Could you please tell me if you are aware of any times when someone takes vitamin b complex that they also experience weight gain?
We have not heard this before, but that does not mean it is not possible.
Dosage and daily dose, how much to take
I recently found a b-complex vitamin which has reasonable amounts of each vitamin. It is B-Right by Jarrow Formulas. This product comes in a capsule. I would like to take about half of the dose daily. Do you think that if I open the capsule and only take half of the contents that i can be reasonably sure that I am getting around half the dose of each vitamin? I want to keep the ratio of each vitamin the same as to not create an imbalance.
Just because a company has put together a group of vitamins together as a B complex formula -- such as the B-Right by Jarrow Formulas -- does not mean that this combination is what your body needs. As a rule I think most B complex formulas have too high amounts and therefore it is a good idea to take less. It is impossible to know for sure what the ideal B complex combination would be for your body since your diet is different than other people's diet and the type of foods you consume are likely to change over time. Hence, for practical purposes, it is irrelevant whether taking half of the capsule will provide the exact ratio in the formula.
I noticed that all the daily values were
not too much like many other b-vitamin products, but vitamin b-12 is 5,000 of
the DV%. Is this amount necessary and healthy to take on a daily basis? Also I
noticed it contains coenzyme-q-10, and I am 28 years of age, is it necessary for
me to start taking it?
The decision whether to take supplements is done case by case in consultation with a health care provider. Only a small amount of oral vitamin B 12 is absorbed. It is a good idea to take breaks from the use of most supplements, including B complex pills. Some people may decide to take a B complex supplement only 2 or 3 times a week.
Combining with dietary supplements
I am a medical doctor. You mentioned on your site that you think that perhaps 1-3 times RDA of B complex should generally be enough. My question: When taking a high dose of SAMe, e.g. 800mg, how much B complex do you think one should take, in order to avoid homocysteine buildup, without unnecessarily aggravating possible side-effects such as insomnia. I started looking at this up on pubmed, but cannot easily get a clear answer. Further, do you think that taking B complex once every several days would be effective, or is it too rapidly metabolized? How concerned should I be about the homocysteine buildup? Is ALL of the B complex significant, or can one take selective treatment (B12?). A patient of mine is experiencing insomnia following SAMe and B-complex, and I would like to taper the latter down, but want to do so responsibly. I also thought that clarifying this would be of interest to many others.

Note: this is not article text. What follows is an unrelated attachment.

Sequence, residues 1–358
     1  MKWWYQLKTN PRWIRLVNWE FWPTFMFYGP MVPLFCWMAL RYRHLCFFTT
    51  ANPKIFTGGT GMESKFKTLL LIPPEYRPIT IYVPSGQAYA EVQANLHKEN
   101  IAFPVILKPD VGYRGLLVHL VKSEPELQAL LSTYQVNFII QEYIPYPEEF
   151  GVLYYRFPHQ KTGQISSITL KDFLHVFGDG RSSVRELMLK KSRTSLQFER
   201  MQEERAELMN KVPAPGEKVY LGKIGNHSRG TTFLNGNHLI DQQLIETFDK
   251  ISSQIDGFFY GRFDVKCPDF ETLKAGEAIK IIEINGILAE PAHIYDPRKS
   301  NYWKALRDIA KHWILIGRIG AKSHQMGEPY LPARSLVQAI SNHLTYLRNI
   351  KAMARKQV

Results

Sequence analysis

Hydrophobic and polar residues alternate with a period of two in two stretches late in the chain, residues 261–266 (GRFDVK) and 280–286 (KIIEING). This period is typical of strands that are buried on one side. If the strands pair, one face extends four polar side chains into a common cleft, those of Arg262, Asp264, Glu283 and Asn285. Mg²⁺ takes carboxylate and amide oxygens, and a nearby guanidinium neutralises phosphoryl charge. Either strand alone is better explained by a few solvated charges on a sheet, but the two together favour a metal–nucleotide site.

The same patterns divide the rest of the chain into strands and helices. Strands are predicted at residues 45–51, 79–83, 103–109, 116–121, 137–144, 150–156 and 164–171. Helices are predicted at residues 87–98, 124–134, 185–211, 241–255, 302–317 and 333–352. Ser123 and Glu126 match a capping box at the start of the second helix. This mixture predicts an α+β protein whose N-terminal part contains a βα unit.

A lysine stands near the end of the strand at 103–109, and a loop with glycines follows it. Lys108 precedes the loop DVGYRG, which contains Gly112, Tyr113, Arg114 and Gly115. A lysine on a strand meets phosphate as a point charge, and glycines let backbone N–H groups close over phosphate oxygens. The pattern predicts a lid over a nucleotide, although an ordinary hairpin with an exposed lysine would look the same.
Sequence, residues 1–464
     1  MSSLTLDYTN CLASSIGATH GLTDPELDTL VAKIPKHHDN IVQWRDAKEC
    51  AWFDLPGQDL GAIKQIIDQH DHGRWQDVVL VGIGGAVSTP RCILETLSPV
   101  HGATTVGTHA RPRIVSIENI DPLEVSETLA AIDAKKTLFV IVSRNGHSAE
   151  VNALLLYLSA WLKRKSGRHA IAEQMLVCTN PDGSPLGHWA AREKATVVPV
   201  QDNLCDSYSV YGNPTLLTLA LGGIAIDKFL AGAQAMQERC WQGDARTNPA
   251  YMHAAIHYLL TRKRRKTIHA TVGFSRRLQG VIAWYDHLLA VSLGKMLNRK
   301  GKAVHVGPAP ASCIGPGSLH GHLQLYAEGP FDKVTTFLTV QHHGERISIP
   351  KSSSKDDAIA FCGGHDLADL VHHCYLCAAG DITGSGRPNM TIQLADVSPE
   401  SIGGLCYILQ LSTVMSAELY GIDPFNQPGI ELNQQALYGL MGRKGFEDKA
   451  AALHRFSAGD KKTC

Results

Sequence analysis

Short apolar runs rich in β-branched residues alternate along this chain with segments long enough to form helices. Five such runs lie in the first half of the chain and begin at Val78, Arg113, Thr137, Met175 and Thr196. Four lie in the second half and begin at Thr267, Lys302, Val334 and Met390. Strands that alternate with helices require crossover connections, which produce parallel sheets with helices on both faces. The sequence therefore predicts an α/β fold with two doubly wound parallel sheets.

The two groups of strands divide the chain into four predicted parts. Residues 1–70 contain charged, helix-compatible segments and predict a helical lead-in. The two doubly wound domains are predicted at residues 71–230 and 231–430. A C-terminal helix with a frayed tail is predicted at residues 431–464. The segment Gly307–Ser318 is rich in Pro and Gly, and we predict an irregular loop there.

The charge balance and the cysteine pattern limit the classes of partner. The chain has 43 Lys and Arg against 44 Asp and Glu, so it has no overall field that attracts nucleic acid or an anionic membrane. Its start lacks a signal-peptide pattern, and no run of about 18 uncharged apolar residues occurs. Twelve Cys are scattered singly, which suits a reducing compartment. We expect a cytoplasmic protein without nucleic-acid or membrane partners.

These are difficult questions to answer since little research is available and there could be enormous differences between individuals depending on their diet, activity level, metabolism, age, etc. As a general rule I am not concerned about the homocysteine aspect. I think 800 mg of SAM-e is too high and I would rather focus on lowering the amount and taking small amounts of the Bs a few times a week.
Use by pets, dogs, cats
We raise and show Chinese Shar-Pei. My husband is the head trainer for PetSmart. He fell in love with some tiny dogs in his classes, so I bought a Lhasa. He came by a transport truck instead of flying, the breeder did not believe in flying dogs-which we do all the time. He was in the truck 4 days. When we met the truck driver and picked up the puppy, I did not even think to quarantine him or even check for fleas. And at 9 weeks old, he already had a profuse coat. My husband took him to a groomer at PetSmart and was mortified to find out he had fleas. And before we knew it, they were all over the house. None on the outside dogs. You just cannot have fleas if you have show dogs, and we use NO chemicals on our dogs. I did have some diatomaceous earth which I sprinkled all over the house. Then got on the internet. One site said that B 50 would get rid of fleas. I did think seriously about this since I have taken it for 40 some years now and bugs donít bite me. In South Carolina that is quite something, and something my friends all had noted. So I gave a B 50 to every dog in the house every day, even down to our Pom [we donít breed anything but Shar-Pei but we both bring home everything-both rescuers!] This would be from a 50 lb. Shar-Pei to the Pom who maybe weighs 5 lbs. In 3 days I could tell a difference. In 10 days there were no fleas on anyone. Knowing the eggs would hatch, we did not give it for 10 days, then gave it 10 days again, and repeated that once more. No fleas. Strange but true!